The Taliban were in full control of Kabul’s international airport on Tuesday, after the last US plane left its runway, marking the end of America’s longest war.
Vehicles carrying the Taliban drove towards the Hamid Karzai International Airport on Tuesday, soon after the last US plane left its runaway marking the end of a 20-year war.
The group is now full in control of the airport. It hailed the departure of foreign troops, declaring that Afghanistan has now gained “full independence”.
“This independence belongs to the whole nation and all our people were involved in it, they have suffered hardship in these 20 years, I congratulate them all,” Zabihullah Mujahid, a Taliban spokesman said.
However the Taliban have repeatedly promised a more tolerant and open brand of rule compared with their first stint in power.
“We want to have good relations with the US and the world. We welcome good diplomatic relations with them all,” Mujahid said.
America’s longest war took the lives of an estimated 240,000 Afghans and 2,500 US troops, and cost some $2 trillion.
The Taliban’s “special forces” were also present at the airport – soldiers in new uniforms equipped with looted American equipment.
Pictures and videos of fighters in the so-called “Badri 313” unit have been posted online by the group to underline how the Taliban have better equipped and trained men at their disposal than in the past.
The soldiers are shown in uniforms, boots, balaclavas and body armour similar to those worn by special forces around the world – unlike the shalwar kameez, turban and sandals of the traditional Taliban fighter.
‘Fear and uncertainty’
While there was triumph and elation on one side as the Taliban celebrated their victory, fear and uncertainly prevailed on the other side among Afghans.
If I let my thoughts linger on what we have lost, I will lose my mind. I have to look ahead towards the future. To do that, I have to engage with the reality of our present moment. I have to believe that slowly, through a political process of negotiation, we will win it all back.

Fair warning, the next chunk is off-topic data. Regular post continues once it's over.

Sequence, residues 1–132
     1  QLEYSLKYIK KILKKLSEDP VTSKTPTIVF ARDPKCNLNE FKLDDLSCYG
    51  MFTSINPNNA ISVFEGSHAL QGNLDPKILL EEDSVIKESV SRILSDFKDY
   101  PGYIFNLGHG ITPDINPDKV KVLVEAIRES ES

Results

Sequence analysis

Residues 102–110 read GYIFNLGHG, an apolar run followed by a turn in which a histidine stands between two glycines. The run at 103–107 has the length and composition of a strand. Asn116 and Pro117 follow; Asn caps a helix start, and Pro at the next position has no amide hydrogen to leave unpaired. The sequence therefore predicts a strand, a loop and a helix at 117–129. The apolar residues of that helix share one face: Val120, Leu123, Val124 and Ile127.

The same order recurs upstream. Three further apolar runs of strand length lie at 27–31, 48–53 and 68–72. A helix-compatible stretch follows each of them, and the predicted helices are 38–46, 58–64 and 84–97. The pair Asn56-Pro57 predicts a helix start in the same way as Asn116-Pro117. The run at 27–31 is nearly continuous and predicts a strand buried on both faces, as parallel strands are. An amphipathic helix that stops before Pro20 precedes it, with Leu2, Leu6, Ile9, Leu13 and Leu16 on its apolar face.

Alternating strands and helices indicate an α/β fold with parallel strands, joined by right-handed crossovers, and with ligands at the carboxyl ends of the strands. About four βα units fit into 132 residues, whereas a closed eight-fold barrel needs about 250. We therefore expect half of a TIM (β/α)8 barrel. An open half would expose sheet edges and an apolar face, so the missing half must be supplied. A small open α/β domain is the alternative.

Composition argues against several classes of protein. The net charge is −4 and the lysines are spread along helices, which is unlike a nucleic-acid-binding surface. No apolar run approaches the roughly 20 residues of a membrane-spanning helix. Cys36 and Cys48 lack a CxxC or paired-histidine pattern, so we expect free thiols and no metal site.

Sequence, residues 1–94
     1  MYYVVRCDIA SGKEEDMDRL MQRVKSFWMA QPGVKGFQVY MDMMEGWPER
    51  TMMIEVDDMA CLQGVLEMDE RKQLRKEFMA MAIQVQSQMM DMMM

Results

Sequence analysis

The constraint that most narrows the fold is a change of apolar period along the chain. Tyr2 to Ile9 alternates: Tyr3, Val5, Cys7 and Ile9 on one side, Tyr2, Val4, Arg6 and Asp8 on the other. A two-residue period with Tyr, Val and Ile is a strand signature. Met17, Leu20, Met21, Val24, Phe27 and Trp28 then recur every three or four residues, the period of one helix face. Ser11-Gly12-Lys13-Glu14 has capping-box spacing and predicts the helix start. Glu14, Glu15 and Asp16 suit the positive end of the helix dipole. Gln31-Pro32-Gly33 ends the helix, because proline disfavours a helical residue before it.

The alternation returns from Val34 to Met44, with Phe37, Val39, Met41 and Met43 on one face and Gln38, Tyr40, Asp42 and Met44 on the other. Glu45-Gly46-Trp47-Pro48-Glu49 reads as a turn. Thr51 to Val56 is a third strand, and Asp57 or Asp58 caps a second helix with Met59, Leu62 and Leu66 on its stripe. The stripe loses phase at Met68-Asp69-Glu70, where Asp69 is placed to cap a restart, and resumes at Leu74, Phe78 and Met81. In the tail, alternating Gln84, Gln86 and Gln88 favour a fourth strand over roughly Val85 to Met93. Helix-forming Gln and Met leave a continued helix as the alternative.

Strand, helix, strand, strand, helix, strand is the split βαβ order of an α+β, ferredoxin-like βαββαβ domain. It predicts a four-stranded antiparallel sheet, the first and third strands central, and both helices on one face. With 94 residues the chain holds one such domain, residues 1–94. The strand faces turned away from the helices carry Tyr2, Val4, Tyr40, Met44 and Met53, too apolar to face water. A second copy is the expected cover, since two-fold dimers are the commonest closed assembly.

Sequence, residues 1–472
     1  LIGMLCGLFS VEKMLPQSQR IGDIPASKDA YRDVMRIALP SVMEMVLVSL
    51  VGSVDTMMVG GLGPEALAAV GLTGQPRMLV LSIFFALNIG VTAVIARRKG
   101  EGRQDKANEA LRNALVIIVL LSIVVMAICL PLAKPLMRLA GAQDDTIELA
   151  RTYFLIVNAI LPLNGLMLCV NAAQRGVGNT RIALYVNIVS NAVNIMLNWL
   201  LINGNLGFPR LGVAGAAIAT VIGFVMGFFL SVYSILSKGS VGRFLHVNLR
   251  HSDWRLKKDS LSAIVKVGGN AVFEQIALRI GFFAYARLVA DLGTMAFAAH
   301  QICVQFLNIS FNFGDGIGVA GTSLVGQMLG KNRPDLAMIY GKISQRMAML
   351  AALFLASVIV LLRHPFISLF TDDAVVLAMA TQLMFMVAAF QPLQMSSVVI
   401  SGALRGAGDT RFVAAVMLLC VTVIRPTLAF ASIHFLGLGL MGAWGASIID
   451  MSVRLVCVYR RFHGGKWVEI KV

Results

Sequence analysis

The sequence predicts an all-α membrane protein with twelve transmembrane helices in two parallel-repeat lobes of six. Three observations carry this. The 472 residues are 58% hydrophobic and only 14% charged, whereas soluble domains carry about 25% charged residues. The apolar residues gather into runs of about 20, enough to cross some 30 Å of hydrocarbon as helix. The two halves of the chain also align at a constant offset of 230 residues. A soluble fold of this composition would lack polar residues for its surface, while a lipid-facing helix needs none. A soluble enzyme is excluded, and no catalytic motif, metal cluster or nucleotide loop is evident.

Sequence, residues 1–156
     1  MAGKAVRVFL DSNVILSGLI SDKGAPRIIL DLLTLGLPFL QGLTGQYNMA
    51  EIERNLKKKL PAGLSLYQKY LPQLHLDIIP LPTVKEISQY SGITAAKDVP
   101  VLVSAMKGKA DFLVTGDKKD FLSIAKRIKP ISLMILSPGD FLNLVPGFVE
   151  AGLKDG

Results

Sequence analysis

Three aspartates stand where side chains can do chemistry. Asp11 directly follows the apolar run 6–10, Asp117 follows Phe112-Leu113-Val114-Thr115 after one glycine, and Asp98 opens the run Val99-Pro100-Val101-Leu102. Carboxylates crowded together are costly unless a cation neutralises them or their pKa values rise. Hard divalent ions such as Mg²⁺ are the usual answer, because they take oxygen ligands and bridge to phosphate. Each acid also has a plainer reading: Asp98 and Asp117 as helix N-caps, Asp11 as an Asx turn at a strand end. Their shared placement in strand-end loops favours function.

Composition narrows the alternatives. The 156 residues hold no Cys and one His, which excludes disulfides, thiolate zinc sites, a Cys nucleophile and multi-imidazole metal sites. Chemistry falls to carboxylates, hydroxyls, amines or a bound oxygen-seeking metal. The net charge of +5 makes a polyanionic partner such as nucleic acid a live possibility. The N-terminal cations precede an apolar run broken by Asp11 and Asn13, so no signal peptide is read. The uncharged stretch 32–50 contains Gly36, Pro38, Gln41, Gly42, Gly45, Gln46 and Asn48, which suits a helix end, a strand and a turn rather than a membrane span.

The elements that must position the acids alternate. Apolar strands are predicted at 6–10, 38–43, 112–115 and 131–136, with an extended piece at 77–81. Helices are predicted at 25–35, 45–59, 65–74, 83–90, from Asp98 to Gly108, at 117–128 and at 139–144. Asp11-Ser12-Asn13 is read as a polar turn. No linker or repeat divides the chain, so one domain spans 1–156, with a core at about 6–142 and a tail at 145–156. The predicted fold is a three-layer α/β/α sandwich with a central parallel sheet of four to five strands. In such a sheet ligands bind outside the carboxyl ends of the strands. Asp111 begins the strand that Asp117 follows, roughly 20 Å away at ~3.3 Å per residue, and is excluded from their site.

— Muska Dastager (@DastagerMuska) August 31, 2021
Thousands of Afghans have already fled the country, fearing Taliban reprisals.
Afghanistan Comes Full Circle! A Thread 👇
20 years ago in October 2001 I was watching BBC World Service late at night in Peshawar. They ran a ‘Breaking News’. Pres. Bush announced from the White House that the US had started bombing Taliban & Al-Qaeda targets in Afghanistan 1/6 pic.twitter.com/SVhbosHbDb
— Hameed Shuja (@hameedshuja) August 30, 2021
More than 123,000 people were evacuated from Kabul in a massive but chaotic airlift by the United States and its allies over the past two weeks, but many of those who helped Western nations during the war were left behind.
Afghans who remember the Taliban’s brutal rule from 1996-2001 have watched with growing fear as the group took over the country while international forces withdraw.
It is not over. It is just the beginning of new chapter. History has proven no one can win this war. Tried so hard build a life. But it is all gone. We are a broken nation.
— Fatima Faizi (@FatmaFaizi) August 30, 2021
Many fear the Taliban will reverse two decades of gains by women and ethnic minorities while restricting the work of journalists and NGO workers.
Source: TRTWorld and agencies